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Good Morning Nanty Glo!

 

Friday, May 6 2005
Jon Kennedy, webmaster

Where were we?

Taking up where we left off last Friday, I have a new wild theory or what Herb Caen used to call a "sodden thought." I've long questioned how it is that socialism—even Communism—is so popular in relatively "religious" countries like Italy, Greece, and more recently, Spain, considering that "welfarism leads to totalitarianism," as was established here last time. And also as proposed then, totalitarianism is ever competing in the life of the faithful with devotion to their higher God. If Christ is your Lord, there's no room for another lord like Hitler, Stalin, Mao, or Caesar. So being God-fearing would seem to rule out supporting any political platform that promises temporal security of the welfare sort.

My new "sodden thought" is a possible answer to those nagging questions. And it's related to an earlier train of thought I mentioned in this forum. I said I suspected that those Americans who feared the Russian people would not be able to endure the hardships of an economy far lower and slower than that in the west, were wrong. The Russians are not only accustomed to suffering hardships under 70 years of Bolshevism, Stalin, Khrushchev, and the rest, but they are even philosophically predisposed to put up with a higher level of hardship than to us in the west seems reasonable. It's because of the severe ascesis that Russian Orthodoxy advocated and its faithful practiced for many centuries before the Bolsheviks took over. Getting by without comforts can be an entry to godliness by making those in dire straits call out for salvation. It encourages them to pray more, and praying more, they believe, is the highest calling of the Christian life.

My new insight—or guess, if it's not a genuine insight—is that many of the believing Christians in places like Italy, Greece, Spain (and Ireland), are not all that averse to deprivation, and a tolerable amount of hardship. In fact, I'm betting that enough of them welcome such a lifestyle that they're willing to put up with the socialist and Communist parties in their midst and even in some cases vote for them, partly because they know such utopians are sure to make things tougher. Consumerism as practiced in the United States, they've been given to think, is our downfall, and they don't want to follow us down that path to perdition.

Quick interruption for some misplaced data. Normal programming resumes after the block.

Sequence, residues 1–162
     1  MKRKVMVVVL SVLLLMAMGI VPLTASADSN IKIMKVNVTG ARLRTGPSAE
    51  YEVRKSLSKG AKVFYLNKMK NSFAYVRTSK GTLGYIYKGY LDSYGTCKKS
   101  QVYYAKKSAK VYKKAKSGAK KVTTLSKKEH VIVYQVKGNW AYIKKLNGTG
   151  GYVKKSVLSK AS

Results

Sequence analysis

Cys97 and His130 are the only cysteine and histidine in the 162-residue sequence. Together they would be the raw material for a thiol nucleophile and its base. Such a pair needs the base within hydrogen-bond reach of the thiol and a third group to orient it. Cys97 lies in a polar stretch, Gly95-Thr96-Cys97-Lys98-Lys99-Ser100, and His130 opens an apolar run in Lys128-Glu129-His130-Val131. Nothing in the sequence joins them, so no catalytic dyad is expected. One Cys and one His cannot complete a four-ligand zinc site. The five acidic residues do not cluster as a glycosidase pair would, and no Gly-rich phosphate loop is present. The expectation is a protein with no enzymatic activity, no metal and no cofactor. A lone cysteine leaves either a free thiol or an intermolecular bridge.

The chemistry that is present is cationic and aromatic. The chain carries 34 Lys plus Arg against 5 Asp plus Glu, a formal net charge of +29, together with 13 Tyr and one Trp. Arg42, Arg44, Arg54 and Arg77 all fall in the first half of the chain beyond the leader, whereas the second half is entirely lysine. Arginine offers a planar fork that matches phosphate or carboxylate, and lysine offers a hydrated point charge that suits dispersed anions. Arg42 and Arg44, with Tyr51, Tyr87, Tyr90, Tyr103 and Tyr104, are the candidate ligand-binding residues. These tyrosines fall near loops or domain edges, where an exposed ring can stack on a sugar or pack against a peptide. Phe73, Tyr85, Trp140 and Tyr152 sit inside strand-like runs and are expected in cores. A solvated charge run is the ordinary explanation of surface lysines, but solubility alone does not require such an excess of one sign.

Though "consumerism" and our hyper-individualism can keep us off the straight and narrow path to salvation (and in general we certainly do not pray as much or as unselfishly as we should), I don't believe these human weaknesses are anywhere as perverse as voting for socialistic parties and their policies of stealing from the haves to funnel a fraction of their take to those who have not. But that's not today's topic, and it's irrelevant to the fact that in many other parts of the world, this is how we are regarded. At one point—when I added Ireland to the list of countries willing to suffer more than we would—I almost added Poland, too. But I doubt that the Poles would vote for a socialist or Communist government now; I think that through the teachings of the late Great John Paul II, they now "get it." And I really don't think Ireland would go socialist or Communist; it's closer to the American and British Democrats in political and economic philosophy.

As far back as when Dostoyevsky was writing what was then the world's best literature—a century and a half ago—the Russian Orthodox had this attitude toward America and its Protestant culture. They were wrong then, and now when fully half of the Orthodox in America are converts from that hated Protestantism, and most of them aren't condemning their Protestant roots, maybe there's a glimmer of hope that these attitudes can change. But it will be a long time coming and, speaking in strictly temporal terms, in all that time the "religiousness" of places like Spain, Greece, Italy...Russia...will be giving way to more and more secularism and the socialists will continue gaining.

Webmaster Jon Kennedy 

A complete index of Jon Kennedy's Jonals for 2001 - 2005

Perspectives

Marriage changes passion. Suddenly you're in bed with a relative.

Sent by Trudy Myers  

Thought for today

Everyone is really responsible to all men for all men and for everything.

Fyodor Dostoyevsky  

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